When the sonographer told me I was having a girl, I was stunned. How could I, and the dozens of strangers who had stopped to comment, been so wrong about the size and shape of my baby bump? But a girl it was, an incomparable gift, now three years old and whose feminine identity I am tasked with molding.

To me, one of the most important aspects of this molding is promoting a healthy body image. Through thinking and muddling and talking with friends, I’ve settled on three main ways I’m going to do that. I’m sure when she’s 16, M will let me know where I got it wrong.

1 | Ditching the “us versus them” rhetoric

 I wanted to like Meghan Trainor’s “All About That Bass.” I did like it at first, in fact. I would play it and dance with M in our underfurnished entryway. The local Y played it at their family festival. It became an anthem of body positivity that I was happy to enjoy. Over and over and over again.

All that came to a crashing halt one day when I selected the wrong version on YouTube and heard Megan cheerfully belt out a line about “skinny bitches.”

Huh?

I looked it up after I heard that and learned that critics had raised this same point. Is it really positivity if it’s based on attacking other women for their shape? In my house, the answer to that question is no. People, regardless of gender, should not be shamed for their weight.

I’m not saying this because I’m skinny. I need to lose about 25 pounds. I feel a little bit of dread every time swimsuit season rolls around. I don’t try on clothes in stores, preferring just to buy them so that a glass of wine can ease the process.

If a magic spell turned us all into horses, I wouldn’t be prancing along daintily with ribbons streaming from my mane. I’d be pulling the Budweiser truck. When I ran two marathons in six weeks while taking a weight-training class and watching my calories, I wasn’t skinny. Back then, I was a big-legged runner. Now I’m a big-legged ex-runner with a knee injury.

I don’t believe a healthy body image should be separate from a healthy weight. Which brings me to point number two….

2 | Focusing on health

I’m my daughter’s number one female role model, and I frankly don’t want to model this. But since I already know I’m not going to make it on maple syrup, cayenne pepper, and apple cider vinegar for days at a time, change will be a process.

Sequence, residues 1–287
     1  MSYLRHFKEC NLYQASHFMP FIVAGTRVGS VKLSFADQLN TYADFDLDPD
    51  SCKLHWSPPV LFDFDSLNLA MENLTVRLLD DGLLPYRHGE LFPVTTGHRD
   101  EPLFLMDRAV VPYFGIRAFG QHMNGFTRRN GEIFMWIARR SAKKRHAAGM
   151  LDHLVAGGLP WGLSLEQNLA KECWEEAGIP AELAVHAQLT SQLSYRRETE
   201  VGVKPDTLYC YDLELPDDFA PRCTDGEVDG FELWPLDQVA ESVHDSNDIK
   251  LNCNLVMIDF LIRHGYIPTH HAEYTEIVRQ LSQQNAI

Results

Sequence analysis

I opted to tell my daughter that I need to lose some weight and explained (briefly! superficially!) that I would be doing that through nutritional choices and increased exercise.
She was thrilled.

“I’ll exercise you, Mom!” She rushed to pull an exercise mat from dusty storage. And while her response made me feel a bit equine, I couldn’t help but be caught up in her enthusiasm. It also gave me a chance to try to impart a bigger life lesson: that seeking improvement and loving yourself are not mutually exclusive. They are, I would argue, two sides of the same coin.

We all need to strive for and be happy with our best possible selves. That best possible self will be different for each of us, and that’s okay. Better than okay. That’s actually a great thing.

In addition to communicating that I am generally happy with myself, but dissatisfied with my weight, I also emphasize that being overweight is not a healthy choice.

Since she’s just a toddler, I didn’t rush to reassure my daughter that she will attract people regardless of her size and shape. But even if she were older, I’m not a fan of the “your body is okay because men are attracted to it” mentality. That’s hardly a barometer. It’s heterosexist and demeaning. If a body type exists, you can find men who are attracted to it.

The strides we’ve made have been too hard-fought for us to give away our own power like this.

3 | Not judging ourselves, not judging others

When I first started writing this, I tried to avoid using any words that could be construed as body-image or weight-related. But I’ve worn the thesaurus thin (okay, that one was on purpose) and just can’t get around “bigger,” “broader,” etc. without resorting to awkward “encompassing” or “extensive.” So please bear with me.

In my attempts to ditch the “us versus them” rhetoric, I focus on the importance of not making yourself feel good by making other people feel bad. When I talk about a nonjudgmental attitude, I talk about being gentle and accepting of ourselves and of the people around us.

At one point, I realized I had put way too much emphasis on the word “fat” as an insulting descriptor. Judging someone’s weight and appearance, regardless of its qualities, is inherently insulting. I learned this when my daughter saw a particularly rotund man and announced in clear tones: “He needs to get to the gym.”

We were on an elevator.

Miraculously, she responded to my silencing glare. After the eternal ride finally ended, I explained that it’s okay for us to talk about me needing to go the gym, because I’m the one who decided that I want to go to the gym. We don’t enforce our choices on others, nor do we judge them for the choices they’ve made. We don’t allow weight to suggest other aspects of a person’s self and character.

Success?

One night recently as we cuddled and read bedtime stories, M drowsily murmured, “Mom, I love you and your big tummy.”

And there it was, the moment I knew I was on the right track. I love you AND your big tummy, because you are not the tummy. It does not define you. It does not change my love for you.

But hey, we all know it’s there, right?

What do you think? How do you try to promote a healthy body image in your children?